Nettie Takes Action On Bed Stuy Tragedy

"More needs to be done than just a march."

By Brenda Jeanne Wyche

Two days before the tragic November 12th shooting of 18 year old Khiel Coppin, I listened to a raging youth outside my Bed-Stuy window, positioning himself for a fight, shouting violently, “I’m ready to go, n—uh!  I’m ready!  Let’s get it poppin right now!  I ain’t got nuthin to lose!”  Ironically, that is the same message young Khiel Coppin shouted before he was gunned down by police when he fatefully announced, “I’m prepared to die.”  We all know there is something very wrong here.  It’s as if our youth feel they haven’t got a chance in hell — as if our young men are doomed from the day they are born.  If they could just realize – tomorrow will bring new blessings, new hope and great success — if they would just hold on.  Hold on and stay strong  and find a way to make it in this life.  There are those who can and will help.  At the same time, we have to do more to make our youth aware that we are here for them.  Too many of our young brothers and sisters wander through this world thinking, “I’ve got nothing to lose.”  Such a sad state of being, which can be so easily remedied by just knowing they have someone to turn to for guidance and help.

Nettie Paisley is one who is ready and willing to step up to the plate and has been doing so for decades.  Nettie is a teacher, lecturer, trainer, consultant and instructor in adult/youth education and workforce developer for 29 years.  She is a champion for all people, but more importantly, an angel and a savior for our youth.  Nettie is Chairman of the Life & Ethics Committee for the Brooklyn Society for Ethical Culture, where she together with the BSEC operates forums that enable young people to connect with adults and elders, as we listen to them express their needs and concerns so we can work together with the youth to come up with help and solutions.  A Master of Reiki, Nettie is a healer who spreads her positive energy on everyone she touches mentally, spiritually, emotionally and physically.  Nettie Paisley is a deeply devoted and caring person who works hard to “help create an open and balanced Society that can operate in a healthy fiscal manner while continuing to promote peace and ethics for the greatest good of everyone,” in her words.  She recently implemented a workshop at the Franklin Public Library in Bed Stuy, to address the matter of the Prison Industrial Complex, how it affects our youth and society and to bring the community together to consider solutions to this dilemma.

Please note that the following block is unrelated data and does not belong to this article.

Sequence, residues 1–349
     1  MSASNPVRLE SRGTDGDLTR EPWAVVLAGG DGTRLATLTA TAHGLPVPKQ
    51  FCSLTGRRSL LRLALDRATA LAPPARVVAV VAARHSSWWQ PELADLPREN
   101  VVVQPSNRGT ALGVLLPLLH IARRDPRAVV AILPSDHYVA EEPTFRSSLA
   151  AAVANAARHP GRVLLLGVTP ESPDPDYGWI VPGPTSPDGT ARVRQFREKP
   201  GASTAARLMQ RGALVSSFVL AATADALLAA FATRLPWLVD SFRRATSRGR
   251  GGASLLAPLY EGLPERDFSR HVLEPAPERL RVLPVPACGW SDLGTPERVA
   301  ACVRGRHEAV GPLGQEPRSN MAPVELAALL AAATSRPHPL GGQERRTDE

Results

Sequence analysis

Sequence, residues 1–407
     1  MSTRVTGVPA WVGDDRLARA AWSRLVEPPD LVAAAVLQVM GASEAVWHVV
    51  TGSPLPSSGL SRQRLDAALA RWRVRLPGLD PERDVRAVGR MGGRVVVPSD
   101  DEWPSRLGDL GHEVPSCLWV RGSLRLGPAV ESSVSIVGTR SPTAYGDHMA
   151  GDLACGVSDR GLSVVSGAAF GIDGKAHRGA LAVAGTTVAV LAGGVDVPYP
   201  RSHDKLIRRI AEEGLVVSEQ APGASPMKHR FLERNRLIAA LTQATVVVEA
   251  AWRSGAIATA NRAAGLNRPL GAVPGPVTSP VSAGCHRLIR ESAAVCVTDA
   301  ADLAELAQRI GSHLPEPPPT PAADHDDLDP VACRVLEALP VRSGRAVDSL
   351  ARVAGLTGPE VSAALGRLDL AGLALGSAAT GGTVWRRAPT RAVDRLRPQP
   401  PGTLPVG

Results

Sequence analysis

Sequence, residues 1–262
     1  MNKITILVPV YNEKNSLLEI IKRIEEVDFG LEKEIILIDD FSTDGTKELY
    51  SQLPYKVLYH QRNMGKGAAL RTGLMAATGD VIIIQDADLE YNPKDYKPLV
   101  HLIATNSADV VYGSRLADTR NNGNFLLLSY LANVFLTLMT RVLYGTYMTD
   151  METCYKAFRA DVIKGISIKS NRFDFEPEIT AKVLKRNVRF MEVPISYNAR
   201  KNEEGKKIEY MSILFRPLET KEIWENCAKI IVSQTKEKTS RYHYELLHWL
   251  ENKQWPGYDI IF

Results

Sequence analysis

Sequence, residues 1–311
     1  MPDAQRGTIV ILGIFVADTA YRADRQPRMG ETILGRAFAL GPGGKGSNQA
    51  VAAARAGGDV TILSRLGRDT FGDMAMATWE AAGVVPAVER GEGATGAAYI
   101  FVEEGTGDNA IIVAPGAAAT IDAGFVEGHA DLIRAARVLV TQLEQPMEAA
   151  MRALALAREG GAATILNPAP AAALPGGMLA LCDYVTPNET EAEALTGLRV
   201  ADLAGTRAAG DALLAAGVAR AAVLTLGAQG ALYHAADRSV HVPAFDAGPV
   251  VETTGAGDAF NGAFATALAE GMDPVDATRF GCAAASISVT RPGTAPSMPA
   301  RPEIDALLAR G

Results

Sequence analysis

Nettie was on site pursuant to the tragic shooting of mentally disturbed, 18-year-old Khiel Coppin, who was killed by police in a hail of bullets, 20 of which hit the youth after he, himself shouted out, “I have a gun,” while flashing what turned out to be a hairbrush.  Here’s Nettie’s account:   

“When I came back to the area, Throop and Gates Avenue, guess what I saw.   The neighborhood youths had made a circle of light (for real).   They had the small white candles lit and the candles in the glass in a beautiful circle.   Some photographers took pictures. 

There was one young man that I bonded with named Kwame and he said to me when I returned, see it is just like you wanted.   The circle of light was in the middle of Gates Avenue and was moved to the corner of Throop and Gates in front of the Black owned Sunoco gas station.

The police and the press were a bit bewildered to see so many Black youth conducting themselves in such a quiet and constructive manner.    I must say I was a bit shocked myself.   All of grandma’s manners was showing (excuse me, ma’am, sir, etc.) as they tried to figure out how to conduct this vigil; they had been outside since the death last night.   Some had pasted signs to their hip hop clothes reading Beware Police In The Area.   Pants hanging low, full of bling and trying to give out flyers to cars passing and displaying flyers to folks on the bus, it was a great sight to see.